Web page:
Walther Forums banner

When you guys train at the range, do you actually train for center mass or try to go for headshots or possibly where the limbs would be?

4367 Views 85 Replies 28 Participants Last post by  Sundevil827
Not saying like every single time, but I enjoy trying for something a bit harder and I'm usually successful; granted, unscoped with no dot and only iron on a PPQ M2 at 50 yards and it's not moving lol, so wouldn't really translate well to real life. I was just curious if anyone else did.

Automotive tire Gas Art Tints and shades Electric blue
See less See more
  • Like
Reactions: 1
1 - 5 of 86 Posts
I only use a 6" paper plate, 3X5 card, 3X3 Post-it, and a 1.5"X2" neon post-it stapled to the backer board at 7 yards for 90% of my range training. The cost of ammo forced me to focus my range work of self-defense skills with my CCWs.

My training drills vary depending on my mood and/or what I feel I need to revisit to keep my skills up to my standard. I like the Range Work at pistol-training dot com to develop challenges for me.

I do enjoy ringing the steel targets from 10 yards out to 25 yards with the remaining 10%.
I'm not surprised that two of the larger police departments in the US fired that many rounds during the time period analyzed. Those rounds weren't all fired at a prep. That said, the average big city police officers aren't as proficient with their firearm as many of the members of this forum.

Inadequate firearms training in the academies and lack of range time to improve and develop their skill sets for on-the-job officers tend to create the disparities mentioned in FBI stats and some of the above comments. Other reports should be taken with a jaundiced eye.

Needless to say, most of us are not required to use force at longer distances that LEOs are often presented.

We need to train for courtroom defensible self-defense actions!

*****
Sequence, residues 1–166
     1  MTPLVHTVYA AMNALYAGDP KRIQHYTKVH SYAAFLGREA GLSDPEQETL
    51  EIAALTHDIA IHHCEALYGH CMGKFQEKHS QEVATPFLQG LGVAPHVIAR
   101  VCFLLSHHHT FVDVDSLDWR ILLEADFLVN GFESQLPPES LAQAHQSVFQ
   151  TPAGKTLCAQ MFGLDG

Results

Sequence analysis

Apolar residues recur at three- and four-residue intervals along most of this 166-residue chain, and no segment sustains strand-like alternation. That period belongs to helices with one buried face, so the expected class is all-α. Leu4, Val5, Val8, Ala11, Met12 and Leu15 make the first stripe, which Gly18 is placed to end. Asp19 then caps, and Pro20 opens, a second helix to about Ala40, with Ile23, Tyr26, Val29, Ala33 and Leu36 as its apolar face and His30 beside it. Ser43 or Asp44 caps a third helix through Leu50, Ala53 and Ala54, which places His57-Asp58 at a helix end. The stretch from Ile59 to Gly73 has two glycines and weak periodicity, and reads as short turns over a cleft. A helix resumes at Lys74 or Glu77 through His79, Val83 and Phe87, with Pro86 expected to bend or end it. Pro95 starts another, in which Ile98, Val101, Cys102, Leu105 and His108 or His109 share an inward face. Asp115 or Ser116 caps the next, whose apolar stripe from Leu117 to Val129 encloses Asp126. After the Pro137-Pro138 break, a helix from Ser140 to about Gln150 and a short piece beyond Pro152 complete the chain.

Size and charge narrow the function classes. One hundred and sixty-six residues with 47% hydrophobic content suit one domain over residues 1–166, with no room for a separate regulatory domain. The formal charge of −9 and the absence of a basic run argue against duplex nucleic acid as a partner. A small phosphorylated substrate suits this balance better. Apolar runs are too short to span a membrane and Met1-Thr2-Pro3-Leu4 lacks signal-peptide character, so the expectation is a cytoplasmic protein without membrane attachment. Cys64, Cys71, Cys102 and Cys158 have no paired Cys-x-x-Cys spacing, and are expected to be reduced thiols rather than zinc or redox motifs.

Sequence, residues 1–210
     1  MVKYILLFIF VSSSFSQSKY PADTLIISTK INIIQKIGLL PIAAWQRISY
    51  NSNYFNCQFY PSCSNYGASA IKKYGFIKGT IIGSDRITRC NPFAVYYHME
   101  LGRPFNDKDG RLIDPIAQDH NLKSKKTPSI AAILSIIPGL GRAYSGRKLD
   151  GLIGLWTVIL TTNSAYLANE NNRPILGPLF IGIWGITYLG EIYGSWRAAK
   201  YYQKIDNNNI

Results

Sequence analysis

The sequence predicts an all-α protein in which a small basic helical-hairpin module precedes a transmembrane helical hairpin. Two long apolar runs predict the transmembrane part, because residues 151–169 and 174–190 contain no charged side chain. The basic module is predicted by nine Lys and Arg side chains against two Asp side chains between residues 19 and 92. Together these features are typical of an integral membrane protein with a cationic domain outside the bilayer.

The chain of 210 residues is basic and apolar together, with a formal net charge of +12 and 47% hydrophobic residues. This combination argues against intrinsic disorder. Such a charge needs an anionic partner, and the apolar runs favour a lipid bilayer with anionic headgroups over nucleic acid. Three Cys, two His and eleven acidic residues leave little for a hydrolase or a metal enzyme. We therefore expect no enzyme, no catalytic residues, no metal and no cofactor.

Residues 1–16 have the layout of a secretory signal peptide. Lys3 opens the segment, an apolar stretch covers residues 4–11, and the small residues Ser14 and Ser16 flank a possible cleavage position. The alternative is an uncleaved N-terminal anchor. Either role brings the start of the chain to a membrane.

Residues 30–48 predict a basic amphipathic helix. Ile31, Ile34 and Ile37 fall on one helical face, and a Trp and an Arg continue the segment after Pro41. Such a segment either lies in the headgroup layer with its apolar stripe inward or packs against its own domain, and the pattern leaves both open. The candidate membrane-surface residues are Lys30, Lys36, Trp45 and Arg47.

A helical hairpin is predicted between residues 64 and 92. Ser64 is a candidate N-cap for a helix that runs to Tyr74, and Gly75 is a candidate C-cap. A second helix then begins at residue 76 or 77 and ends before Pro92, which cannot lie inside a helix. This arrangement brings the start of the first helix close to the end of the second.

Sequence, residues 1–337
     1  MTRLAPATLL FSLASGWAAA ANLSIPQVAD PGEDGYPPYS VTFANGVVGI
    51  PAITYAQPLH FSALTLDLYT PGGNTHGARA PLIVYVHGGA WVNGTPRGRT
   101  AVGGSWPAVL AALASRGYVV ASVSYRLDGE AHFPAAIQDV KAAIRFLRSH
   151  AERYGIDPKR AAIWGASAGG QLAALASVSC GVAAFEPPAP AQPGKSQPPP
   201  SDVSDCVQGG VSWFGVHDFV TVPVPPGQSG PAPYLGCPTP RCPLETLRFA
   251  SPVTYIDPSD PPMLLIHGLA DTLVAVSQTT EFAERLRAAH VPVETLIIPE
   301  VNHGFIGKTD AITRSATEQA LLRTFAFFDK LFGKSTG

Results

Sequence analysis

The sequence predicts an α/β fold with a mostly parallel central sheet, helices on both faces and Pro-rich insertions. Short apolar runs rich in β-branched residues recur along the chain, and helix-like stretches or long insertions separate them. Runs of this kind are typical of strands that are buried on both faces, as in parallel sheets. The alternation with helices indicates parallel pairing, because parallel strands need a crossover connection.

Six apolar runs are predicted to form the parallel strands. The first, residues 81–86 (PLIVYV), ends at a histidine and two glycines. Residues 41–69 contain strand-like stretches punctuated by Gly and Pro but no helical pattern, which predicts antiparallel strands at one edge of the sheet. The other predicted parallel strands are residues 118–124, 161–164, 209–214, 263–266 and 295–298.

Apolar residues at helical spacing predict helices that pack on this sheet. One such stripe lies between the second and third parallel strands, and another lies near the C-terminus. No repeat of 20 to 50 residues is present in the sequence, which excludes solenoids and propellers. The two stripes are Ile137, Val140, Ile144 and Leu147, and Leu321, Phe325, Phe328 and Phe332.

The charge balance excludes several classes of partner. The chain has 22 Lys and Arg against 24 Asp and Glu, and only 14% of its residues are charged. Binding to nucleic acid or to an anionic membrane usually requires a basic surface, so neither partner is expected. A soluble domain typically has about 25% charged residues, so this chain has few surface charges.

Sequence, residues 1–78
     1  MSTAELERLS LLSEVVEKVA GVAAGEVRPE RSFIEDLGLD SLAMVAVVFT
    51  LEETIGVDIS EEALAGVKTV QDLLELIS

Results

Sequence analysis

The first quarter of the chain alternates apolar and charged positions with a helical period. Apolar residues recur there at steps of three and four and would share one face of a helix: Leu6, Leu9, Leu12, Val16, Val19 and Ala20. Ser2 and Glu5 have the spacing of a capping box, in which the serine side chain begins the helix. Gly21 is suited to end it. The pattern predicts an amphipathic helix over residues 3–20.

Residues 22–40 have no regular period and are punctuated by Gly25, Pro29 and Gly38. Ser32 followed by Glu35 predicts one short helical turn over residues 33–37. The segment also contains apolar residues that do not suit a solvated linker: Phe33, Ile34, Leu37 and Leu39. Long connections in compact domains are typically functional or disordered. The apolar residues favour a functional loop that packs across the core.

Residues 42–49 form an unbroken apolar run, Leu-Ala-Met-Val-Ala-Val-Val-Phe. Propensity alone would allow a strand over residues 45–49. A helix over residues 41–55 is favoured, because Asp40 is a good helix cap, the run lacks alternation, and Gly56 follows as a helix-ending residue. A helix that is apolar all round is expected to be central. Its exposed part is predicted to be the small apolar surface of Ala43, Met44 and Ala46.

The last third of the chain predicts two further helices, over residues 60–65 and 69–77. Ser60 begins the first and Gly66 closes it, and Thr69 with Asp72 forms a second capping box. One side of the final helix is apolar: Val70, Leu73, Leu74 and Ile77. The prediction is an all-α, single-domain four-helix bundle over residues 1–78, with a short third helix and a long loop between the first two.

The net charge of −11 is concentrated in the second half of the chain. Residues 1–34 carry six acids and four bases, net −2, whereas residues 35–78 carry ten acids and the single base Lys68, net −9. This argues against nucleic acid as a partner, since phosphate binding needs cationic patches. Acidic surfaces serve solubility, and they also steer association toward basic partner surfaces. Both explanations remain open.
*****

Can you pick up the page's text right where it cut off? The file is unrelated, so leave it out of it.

We also need to train for probabilities rather than possibilities. Oh, it's possible we may have someone shooting at us from 40 yards, but more than likely a 3-7 yard life threatening adventure would be more probable. I train for the latter!
  • Like
Reactions: 1
3-3-3 cliche is dogma. Some believe it was started with comments from a NYPD lieutenant and not the FBI.

Tom Givens of Rangemaster Firearms Training kept stats on his students involved in shootings that are worth reviewing. I found this information in an article at Lucky Gunner, "The True Distance of a Typical Gunfight", which lends some support to the 3 yards part of the 3-3-3.

The report indicates out of 67 student involved shootings, 4% of those shootings took place at zero to two yards with minor physical contact occurring in a couple of those. 87% were between three and five yards. 4% were at five to seven yards, and another 4% were all the way out at 15 to 25 yards.

Just some food for thought.
While you are speculating about the high round counts in NYC and Chicago, consider the neighborhoods and buildings officers are policing. Multistory buildings present different problems and that in some instances might require suppressive fire to get to safety. Also, consider that all rounds fired need to be accounted for, and that includes accidental discharges.

I never walked a beat in either of these cities, but I did in a large mid west city and I can attest that it is nothing like the suburb where I grew up.
  • Like
Reactions: 1
3-3-3 appears to be a shooting drill rather than a true set of facts. Google 3-3-3 and read a few of the offerings.

Statistics can be bent to accomplish the writer's intent, and they should be judged with skepticism until our own research proves them correct.

We need to train for what is probable. Today, more bad guys are wearing ballistic vests, so... whatcha gonna do?
  • Like
Reactions: 1
1 - 5 of 86 Posts